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How to Memorize Your…uh…Line?

Q: Do you have any great methods for memorizing dialogue aside from mnemonic devices and repetitive writing?

Two words: Rehearsal Pro.

Okay technically this is an app and not a method, so perhaps a few more words to explain why it is worth the $19.99 price tag in the App Store. Pretty much every method or trick to memorization is literally at your fingertips! Dubbing itself “The App For Actors,” it easy to see why this all-in-one application is popular in the TheaterMaking community. 

For those of you who immediately turn away due to the price, one of the coolest features- the ability to record your fellow actor’s cue lines for playback can easily be mimicked in any voice notes app, which is the go-to method for memorization for many actors even today. 

Pro tip: If you do record your scene partner’s dialogue with your notes app, always whisper your lines to ensure adequate space between lines. Mouthing words can typically move at a faster pace, resulting in a recording of an over-eager scene partner who keeps stepping on your lines! 

Back to the benefits of investing in “The App For Actors.” 

In the Script to Playback feature, Rehearsal Pro gives you a teleprompter to assist in the memorization process. For visual learners, adding this element is key to retaining information. You can also play your scene on a loop for those long drives where you need to be hands-free. 

We also love the highlighting feature on the app when working with a digital copy of the script, which many environmentally conscious theaters are moving to. Again, you don’t have to have Rehearsal Pro for simple highlighting capabilities on a PDF of your script, but this app has all the bells and whistles you could wish for.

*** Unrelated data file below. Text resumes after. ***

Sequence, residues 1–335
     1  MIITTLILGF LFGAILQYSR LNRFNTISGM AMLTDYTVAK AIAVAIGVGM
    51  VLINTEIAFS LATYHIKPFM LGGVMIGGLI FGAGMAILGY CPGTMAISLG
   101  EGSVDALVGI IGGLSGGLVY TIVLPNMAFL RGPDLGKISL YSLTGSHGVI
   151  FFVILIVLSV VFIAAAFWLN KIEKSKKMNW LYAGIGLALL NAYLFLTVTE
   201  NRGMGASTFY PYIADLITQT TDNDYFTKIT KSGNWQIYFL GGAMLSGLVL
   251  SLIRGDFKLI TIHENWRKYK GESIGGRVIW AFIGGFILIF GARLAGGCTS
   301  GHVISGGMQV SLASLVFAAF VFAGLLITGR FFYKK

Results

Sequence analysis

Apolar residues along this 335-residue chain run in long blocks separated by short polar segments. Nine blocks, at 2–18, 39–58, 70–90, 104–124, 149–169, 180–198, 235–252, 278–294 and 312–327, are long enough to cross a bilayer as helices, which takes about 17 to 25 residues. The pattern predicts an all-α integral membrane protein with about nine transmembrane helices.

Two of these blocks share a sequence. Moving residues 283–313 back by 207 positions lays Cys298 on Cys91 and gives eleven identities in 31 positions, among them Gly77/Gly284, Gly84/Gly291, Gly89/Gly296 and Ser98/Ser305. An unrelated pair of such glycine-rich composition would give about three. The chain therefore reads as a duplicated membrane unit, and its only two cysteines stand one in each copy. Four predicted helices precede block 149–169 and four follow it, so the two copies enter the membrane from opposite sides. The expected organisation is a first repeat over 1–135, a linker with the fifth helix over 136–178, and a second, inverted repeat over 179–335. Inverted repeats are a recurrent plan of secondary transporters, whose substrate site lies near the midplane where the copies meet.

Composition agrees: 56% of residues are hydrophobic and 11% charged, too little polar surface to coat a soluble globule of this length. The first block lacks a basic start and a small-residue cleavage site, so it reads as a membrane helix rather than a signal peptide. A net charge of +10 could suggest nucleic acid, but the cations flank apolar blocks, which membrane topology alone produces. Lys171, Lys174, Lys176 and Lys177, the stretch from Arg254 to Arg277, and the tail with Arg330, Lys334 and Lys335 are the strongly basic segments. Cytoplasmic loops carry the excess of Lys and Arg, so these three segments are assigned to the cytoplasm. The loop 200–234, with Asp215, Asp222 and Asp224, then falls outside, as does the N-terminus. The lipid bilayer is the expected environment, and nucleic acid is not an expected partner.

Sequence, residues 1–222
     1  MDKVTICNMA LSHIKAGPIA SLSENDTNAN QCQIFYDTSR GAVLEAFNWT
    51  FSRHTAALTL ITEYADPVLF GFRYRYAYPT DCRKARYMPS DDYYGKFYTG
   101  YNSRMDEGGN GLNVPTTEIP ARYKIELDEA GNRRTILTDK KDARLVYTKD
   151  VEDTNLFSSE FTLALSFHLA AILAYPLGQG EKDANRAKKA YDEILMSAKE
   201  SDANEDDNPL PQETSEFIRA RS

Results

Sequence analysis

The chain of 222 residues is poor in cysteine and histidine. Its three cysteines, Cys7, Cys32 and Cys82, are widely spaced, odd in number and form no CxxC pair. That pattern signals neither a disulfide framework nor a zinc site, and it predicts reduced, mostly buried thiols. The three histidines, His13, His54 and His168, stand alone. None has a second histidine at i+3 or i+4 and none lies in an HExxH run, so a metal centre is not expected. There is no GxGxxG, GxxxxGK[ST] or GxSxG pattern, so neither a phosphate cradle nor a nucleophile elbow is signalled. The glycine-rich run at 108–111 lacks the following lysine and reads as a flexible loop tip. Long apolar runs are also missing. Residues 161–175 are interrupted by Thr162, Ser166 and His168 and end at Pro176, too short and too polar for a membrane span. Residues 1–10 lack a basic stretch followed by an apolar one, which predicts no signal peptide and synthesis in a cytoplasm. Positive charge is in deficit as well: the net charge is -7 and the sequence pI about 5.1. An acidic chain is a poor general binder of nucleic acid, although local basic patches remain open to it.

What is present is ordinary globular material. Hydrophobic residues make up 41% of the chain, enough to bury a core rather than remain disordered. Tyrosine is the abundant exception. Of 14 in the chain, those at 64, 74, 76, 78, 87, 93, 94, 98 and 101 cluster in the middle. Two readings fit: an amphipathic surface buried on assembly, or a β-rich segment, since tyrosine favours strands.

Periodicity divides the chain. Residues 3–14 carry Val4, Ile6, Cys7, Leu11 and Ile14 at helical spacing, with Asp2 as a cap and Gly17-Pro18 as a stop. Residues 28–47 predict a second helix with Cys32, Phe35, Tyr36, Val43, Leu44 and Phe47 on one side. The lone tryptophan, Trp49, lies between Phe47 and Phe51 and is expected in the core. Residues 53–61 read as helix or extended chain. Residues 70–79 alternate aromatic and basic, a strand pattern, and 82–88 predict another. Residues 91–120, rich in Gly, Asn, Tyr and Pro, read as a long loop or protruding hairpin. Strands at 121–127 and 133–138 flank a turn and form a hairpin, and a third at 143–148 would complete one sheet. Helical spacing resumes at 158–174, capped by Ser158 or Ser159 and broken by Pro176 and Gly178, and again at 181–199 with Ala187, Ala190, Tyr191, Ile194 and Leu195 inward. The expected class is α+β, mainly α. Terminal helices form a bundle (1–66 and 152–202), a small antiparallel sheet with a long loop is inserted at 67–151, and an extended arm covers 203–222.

Some actors still believe the best way to memorization is sitting down and highlighting a hard copy of the script. Not only does this allow you to read the entire script for possibly the first time, but the combination of physical motion and visual stimulus only aids in the memorization process. 

Surprisingly, taking a walk or a nap has been proven to be effective when it comes to memorizing. After spending time looking at your text, going for a walk, or taking a nap helps move the information you just processed from short-term memory to long-term recall. Who knew? Exercising is linked to burning calories and memorization!

 Lastly, if all else fails- sing! If anything pop music has taught us, it is easier to memorize a song than a monologue. Put on your composer hat and memorize your script by making it musical. Now, there is always the off chance that you will forget to go back to spoken words in rehearsal, but there have been very few documented cases so don’t be deterred and sing out, Louise!


P.S. And for even more tips like these, check out The TheaterMakers Studio.


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